I’ve had my own issues with struggling to find a balance with fitness. When I was severely anorexic, I’d workout up to eight times a day. I felt that any free time I had must be spent exercising, as that is how people got results. When I recovered I reduced my weightlifting days to four times a week, with two days for cardio. Nowadays I prioritize my downtime because I learned that real muscle growth happens during rest.
I still struggle with the compulsion to exercise. I’ve always had the firm belief that the human body isn’t meant to sit around all day doing nothing, much like the mind shouldn’t be focused on social media for eight hours a day. The belief can sometimes lead my thinking awry because I equate productivity with success. Which is not always true. To keep a balance I tell myself that I weightlift because I eat, I eat because I weightlift, and I need rest to get the muscles. On my cardio days I focus on how well I feel that day, and think of my goal cycling mileage for the week.
That is it actually. Goals, whatever they may be, cannot be rushed. Instead a person must enjoy the journey and take it one day at a time. Eventually, a person will look back to see how far she has come.
It is tempting to start going full-speed into fitness. At the beginning of the process, a person is full of motivation and feels like he or she wants to accomplish as much as possible. Motivation can be fun and useful. However, going from poor diet and exercise and doing a complete 180 may not set up success. Research has shown that small changes done over a period of time leads to long-lasting results. In the period where there is an abundance of motivation, it would be best to use that time to set habits and goals that discipline can be used on. Habits and consistency are what gives results. I had to change my routine to get better results, and I started out slow and easy. I didn’t want to hinder my recovery from anorexia.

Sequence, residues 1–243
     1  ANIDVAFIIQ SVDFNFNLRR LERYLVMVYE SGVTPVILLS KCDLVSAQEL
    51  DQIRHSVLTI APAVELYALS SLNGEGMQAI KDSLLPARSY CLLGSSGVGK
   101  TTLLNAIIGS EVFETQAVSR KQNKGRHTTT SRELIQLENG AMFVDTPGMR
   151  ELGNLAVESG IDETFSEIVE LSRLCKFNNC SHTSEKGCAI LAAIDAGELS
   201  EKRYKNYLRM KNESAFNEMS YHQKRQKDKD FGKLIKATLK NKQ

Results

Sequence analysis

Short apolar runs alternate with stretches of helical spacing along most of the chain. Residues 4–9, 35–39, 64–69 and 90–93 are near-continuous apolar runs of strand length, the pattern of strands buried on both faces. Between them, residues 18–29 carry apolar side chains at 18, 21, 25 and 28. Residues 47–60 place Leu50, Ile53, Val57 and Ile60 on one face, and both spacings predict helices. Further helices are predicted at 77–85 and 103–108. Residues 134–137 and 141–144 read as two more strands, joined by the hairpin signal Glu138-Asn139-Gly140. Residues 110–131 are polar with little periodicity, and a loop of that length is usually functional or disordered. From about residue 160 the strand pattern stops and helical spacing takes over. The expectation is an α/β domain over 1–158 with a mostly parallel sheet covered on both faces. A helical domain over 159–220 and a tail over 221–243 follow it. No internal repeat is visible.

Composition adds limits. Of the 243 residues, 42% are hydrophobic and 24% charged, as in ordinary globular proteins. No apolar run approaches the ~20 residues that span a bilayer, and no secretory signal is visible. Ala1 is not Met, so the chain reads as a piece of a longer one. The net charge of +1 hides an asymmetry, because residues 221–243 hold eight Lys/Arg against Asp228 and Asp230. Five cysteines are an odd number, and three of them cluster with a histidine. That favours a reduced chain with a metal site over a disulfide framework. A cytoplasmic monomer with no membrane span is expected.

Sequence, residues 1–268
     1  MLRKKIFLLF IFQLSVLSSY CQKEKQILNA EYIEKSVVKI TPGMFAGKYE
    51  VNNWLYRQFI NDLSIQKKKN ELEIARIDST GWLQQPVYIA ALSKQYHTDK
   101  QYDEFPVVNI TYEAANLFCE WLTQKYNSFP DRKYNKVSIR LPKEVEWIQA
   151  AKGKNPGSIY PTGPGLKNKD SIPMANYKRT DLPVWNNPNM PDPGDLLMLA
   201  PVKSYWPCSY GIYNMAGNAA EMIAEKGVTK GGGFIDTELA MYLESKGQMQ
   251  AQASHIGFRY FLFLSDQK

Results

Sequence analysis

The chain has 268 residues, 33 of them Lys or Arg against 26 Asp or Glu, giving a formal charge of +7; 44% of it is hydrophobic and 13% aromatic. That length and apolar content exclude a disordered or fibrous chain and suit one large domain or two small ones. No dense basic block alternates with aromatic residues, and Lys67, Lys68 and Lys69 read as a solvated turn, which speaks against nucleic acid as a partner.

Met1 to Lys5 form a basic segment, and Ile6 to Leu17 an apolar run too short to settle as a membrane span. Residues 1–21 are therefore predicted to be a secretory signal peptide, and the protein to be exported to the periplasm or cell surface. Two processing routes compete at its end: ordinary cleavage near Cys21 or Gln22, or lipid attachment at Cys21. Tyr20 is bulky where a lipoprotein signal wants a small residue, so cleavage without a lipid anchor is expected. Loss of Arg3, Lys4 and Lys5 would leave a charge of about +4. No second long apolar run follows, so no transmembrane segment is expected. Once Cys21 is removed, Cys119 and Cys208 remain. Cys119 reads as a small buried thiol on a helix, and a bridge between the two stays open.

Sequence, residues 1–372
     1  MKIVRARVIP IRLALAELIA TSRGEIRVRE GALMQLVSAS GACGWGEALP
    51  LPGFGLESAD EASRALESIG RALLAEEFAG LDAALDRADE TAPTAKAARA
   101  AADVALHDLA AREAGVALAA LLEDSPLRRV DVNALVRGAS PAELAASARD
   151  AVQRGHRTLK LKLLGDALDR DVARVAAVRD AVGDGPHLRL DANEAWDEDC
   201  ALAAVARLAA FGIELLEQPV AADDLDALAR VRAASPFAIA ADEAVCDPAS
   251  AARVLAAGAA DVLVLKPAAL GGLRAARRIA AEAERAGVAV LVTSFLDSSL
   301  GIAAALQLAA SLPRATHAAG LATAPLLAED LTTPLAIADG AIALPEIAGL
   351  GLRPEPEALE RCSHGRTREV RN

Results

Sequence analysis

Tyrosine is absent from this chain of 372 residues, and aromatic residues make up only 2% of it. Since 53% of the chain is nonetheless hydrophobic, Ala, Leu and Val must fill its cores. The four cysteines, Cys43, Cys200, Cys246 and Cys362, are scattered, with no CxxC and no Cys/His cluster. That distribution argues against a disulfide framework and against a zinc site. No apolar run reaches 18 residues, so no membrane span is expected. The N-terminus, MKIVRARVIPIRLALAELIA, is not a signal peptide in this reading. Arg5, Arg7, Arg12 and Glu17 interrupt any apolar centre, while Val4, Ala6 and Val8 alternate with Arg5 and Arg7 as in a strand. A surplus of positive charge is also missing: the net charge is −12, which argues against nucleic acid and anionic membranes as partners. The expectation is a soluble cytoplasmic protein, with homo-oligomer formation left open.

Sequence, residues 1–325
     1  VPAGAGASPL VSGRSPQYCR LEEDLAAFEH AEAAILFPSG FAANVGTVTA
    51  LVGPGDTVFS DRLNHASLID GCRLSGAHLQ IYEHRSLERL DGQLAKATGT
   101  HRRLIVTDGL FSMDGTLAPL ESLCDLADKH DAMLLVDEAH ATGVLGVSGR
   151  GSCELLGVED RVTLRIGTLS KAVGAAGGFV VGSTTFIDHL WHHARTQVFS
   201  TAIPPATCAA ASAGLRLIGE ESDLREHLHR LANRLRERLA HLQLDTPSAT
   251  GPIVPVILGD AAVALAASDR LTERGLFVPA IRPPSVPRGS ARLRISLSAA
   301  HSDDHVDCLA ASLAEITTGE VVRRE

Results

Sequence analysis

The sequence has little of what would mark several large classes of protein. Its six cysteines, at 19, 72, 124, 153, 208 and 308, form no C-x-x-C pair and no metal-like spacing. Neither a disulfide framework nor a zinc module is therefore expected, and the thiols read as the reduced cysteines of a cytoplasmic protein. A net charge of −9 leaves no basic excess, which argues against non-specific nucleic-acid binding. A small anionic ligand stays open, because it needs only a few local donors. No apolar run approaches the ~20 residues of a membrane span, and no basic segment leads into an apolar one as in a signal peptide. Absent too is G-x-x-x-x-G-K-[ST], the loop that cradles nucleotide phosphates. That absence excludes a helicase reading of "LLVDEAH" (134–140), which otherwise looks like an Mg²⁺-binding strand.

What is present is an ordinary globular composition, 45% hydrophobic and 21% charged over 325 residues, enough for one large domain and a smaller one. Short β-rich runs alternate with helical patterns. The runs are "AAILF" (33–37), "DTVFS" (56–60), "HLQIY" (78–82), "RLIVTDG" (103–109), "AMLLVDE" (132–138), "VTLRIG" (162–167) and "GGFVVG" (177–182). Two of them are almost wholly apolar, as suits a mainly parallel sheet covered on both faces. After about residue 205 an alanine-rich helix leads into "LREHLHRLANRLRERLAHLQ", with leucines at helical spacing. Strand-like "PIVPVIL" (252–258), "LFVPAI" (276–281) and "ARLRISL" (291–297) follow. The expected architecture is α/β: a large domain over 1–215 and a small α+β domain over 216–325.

I have made immense progress eating more and exercising less, which when I was severely anorexic didn’t make sense to me. I could not fathom such a thing. I would eat less, less, less, and exercise more, more, more. The imbalance cost me a lot of physical progress. Once I chose to work towards recovery, it clicked. Food became fuel for me. Food was a bit less of an enemy. Exercise became something that was because of the food. And vice versa. I began to slow down a little and create a sensible exercise regime with an appropriate calorie amount. Since that decision, my muscle growth exploded.
Today I ran into some gym buddies I haven’t seen in months, since when I first started recovery. Keep in mind these are older experienced bodybuilders, while I am a twenty year old girl. (I always felt the outcast) Today they saw me for the first time in seven months and their jaws dropped. One of them said “Damn you got ripped.” Hands down the best compliment.
Taking the fitness journey easy, being chill, definitely keeps me sane too. Since I am no longer tearing myself apart with imbalances, I can enjoy other aspects of my life more. It’s easy to make fitness the biggest priority in life, and that any chance of happiness is tied to results with fitness. With that logic a person is guaranteed to live a hard life. Happiness and sanity cannot be tied to any sole thing. A person is worth far much more than his or her body.
When feeling rushed to go to extreme measures with diet or exercise, keep in mind it is called a “fitness journey” for a reason. Not a “fitness race.” I remember one of my friends my once told me “May peace be the journey.” And I try to live by that.
So little by little I work towards improving my fitness and mental health. It’s all about consistency. And don’t forget to enjoy it on the way.